Let me be quite clear about what I mean here. By “culture of dissent,” I do not mean that normal and healthy questioning and probing of the truths of the faith that is the lifeblood of theology. Nor do I mean the struggle all of us experience to be faithful disciples, a struggle that is part of the dynamics of the spiritual life. Rather, by “culture of dissent” I mean the claim, advanced by theologians, priests, religious, and some bishops, that in certain matters (such as the morally appropriate means to plan one’s family and regulate fertility) the Church’s supreme teaching authority was in fact teaching falsely and misleading the people of the Church.

It is one thing to say of a matter of doctrine or moral teaching, “I do not understand” or “perhaps we need to think about this truth in a more refined way” or “perhaps the pastoral implications of this truth need to be more carefully explored.” It is something else entirely to say, “The teaching authority is teaching falsehoods and leading the Church into error.” To say that is to make more than an intellectual judgment. To say that is to declare oneself out of full communion with the Church. As we have come to see, that invisible schism has had all sorts of consequences.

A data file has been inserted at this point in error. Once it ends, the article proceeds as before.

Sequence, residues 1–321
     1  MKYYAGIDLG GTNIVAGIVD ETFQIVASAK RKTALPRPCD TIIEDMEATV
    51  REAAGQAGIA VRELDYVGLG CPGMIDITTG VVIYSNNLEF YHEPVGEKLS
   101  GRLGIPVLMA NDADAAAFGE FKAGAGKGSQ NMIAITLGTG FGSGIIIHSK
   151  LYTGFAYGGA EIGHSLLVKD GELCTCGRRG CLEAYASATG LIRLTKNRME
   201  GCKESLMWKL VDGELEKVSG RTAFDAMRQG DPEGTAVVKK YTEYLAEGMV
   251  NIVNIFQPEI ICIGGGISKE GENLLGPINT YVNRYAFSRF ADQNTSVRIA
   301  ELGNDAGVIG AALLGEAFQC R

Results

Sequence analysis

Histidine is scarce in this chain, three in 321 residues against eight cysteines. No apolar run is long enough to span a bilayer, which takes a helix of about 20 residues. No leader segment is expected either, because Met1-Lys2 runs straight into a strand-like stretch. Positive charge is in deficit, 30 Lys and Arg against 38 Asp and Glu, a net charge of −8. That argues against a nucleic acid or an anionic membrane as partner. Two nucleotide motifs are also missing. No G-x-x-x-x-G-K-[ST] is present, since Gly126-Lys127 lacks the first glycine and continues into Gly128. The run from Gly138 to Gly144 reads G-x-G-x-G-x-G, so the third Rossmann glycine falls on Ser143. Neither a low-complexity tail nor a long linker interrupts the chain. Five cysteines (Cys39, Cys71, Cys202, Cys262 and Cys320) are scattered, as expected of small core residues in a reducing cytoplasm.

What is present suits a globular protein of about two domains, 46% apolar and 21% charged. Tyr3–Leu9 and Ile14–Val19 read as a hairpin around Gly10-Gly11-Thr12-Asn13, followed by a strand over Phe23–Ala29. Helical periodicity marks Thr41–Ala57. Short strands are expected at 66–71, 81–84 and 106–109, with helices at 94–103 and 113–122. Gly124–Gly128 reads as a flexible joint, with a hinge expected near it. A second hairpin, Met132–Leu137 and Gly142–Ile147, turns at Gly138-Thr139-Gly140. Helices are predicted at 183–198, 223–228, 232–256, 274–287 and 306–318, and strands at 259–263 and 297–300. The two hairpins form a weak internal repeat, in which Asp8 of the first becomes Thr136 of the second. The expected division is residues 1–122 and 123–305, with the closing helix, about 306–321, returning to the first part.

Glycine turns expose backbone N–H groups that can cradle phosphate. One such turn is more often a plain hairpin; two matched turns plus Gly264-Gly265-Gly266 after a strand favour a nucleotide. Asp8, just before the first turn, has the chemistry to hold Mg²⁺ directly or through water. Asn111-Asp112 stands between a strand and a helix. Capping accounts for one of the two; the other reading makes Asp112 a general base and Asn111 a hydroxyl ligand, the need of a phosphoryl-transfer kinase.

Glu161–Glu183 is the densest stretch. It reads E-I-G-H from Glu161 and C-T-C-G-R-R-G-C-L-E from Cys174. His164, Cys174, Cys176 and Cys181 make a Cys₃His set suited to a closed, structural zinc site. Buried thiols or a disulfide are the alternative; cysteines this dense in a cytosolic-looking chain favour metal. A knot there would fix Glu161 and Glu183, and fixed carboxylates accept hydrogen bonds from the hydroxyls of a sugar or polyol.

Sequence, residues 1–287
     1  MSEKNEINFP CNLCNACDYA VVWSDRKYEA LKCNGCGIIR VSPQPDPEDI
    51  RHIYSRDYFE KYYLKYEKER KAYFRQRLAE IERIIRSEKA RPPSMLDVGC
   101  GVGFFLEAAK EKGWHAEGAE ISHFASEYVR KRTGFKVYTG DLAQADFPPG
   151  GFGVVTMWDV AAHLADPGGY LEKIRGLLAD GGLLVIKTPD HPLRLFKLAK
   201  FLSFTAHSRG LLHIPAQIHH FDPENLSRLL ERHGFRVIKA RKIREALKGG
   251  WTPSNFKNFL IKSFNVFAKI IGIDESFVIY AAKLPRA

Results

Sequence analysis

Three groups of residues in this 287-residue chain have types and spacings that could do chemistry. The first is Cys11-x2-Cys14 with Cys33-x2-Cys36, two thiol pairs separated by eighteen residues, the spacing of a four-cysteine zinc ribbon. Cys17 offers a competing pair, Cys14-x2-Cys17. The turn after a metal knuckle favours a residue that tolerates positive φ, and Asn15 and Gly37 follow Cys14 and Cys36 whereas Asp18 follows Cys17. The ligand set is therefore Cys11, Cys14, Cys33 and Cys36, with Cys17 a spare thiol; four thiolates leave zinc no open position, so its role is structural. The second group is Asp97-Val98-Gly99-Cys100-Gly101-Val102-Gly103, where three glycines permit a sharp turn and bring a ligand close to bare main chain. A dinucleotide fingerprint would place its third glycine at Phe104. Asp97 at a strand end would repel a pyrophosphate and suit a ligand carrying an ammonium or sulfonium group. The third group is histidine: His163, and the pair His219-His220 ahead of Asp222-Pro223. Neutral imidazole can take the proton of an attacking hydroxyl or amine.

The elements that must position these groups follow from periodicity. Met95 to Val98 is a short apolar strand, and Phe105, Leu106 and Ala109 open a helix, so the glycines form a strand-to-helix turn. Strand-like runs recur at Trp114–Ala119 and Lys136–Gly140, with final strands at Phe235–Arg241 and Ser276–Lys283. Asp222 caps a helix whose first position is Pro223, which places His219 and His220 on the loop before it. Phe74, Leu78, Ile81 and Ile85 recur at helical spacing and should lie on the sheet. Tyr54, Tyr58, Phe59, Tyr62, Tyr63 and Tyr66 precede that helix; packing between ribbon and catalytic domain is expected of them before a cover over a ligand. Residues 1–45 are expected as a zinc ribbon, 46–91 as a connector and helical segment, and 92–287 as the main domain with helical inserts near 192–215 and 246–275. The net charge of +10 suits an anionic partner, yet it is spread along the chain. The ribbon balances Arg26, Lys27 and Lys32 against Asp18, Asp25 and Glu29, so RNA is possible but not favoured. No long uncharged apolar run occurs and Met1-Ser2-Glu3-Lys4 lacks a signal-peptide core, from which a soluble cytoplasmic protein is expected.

In many American faculties of theology and seminaries after the Humanae Vitae controversy (and then again after the 1994 apostolic letter on the impossibility of ordaining women to the priesthood, Ordinatio Sacerdotalis), men learned to lead lives of intellectual and spiritual self-deception. Because most bishops were not prepared to ordain men who were public dissidents, candidates for the priesthood (and sometimes the bishops who ordained them) learned to lead a form of double-life, overtly accepting, or at least not publicly challenging, official Church teachings—on conjugal morality, on sexual morality in general, on the possible ordination of women—that they did not accept and had no intention of teaching or promoting in pastoral life. This self-deception had enormous consequences. Unwilling to enforce doctrinal and moral discipline, bishops came to think of themselves as discussion-group moderators, whose primary task was to keep everyone in play and reasonably happy; and we have seen the results of that. Some priests’ consciences became deadened, as intellectual self-deception helped prepare the ground for behavioral self-deception; and we have seen the results of that. Lay Catholics, and indeed some priests and bishops, came to think of Catholic truth as a kind of smorgasbord from which one could pick and choose as tastes dictated. The net result of all this was that the ecology of the Church was damaged severely, as Catholic Lite displaced classic Catholicism, and the Church got comfortable (or so we thought) living with the reality of fractured communion.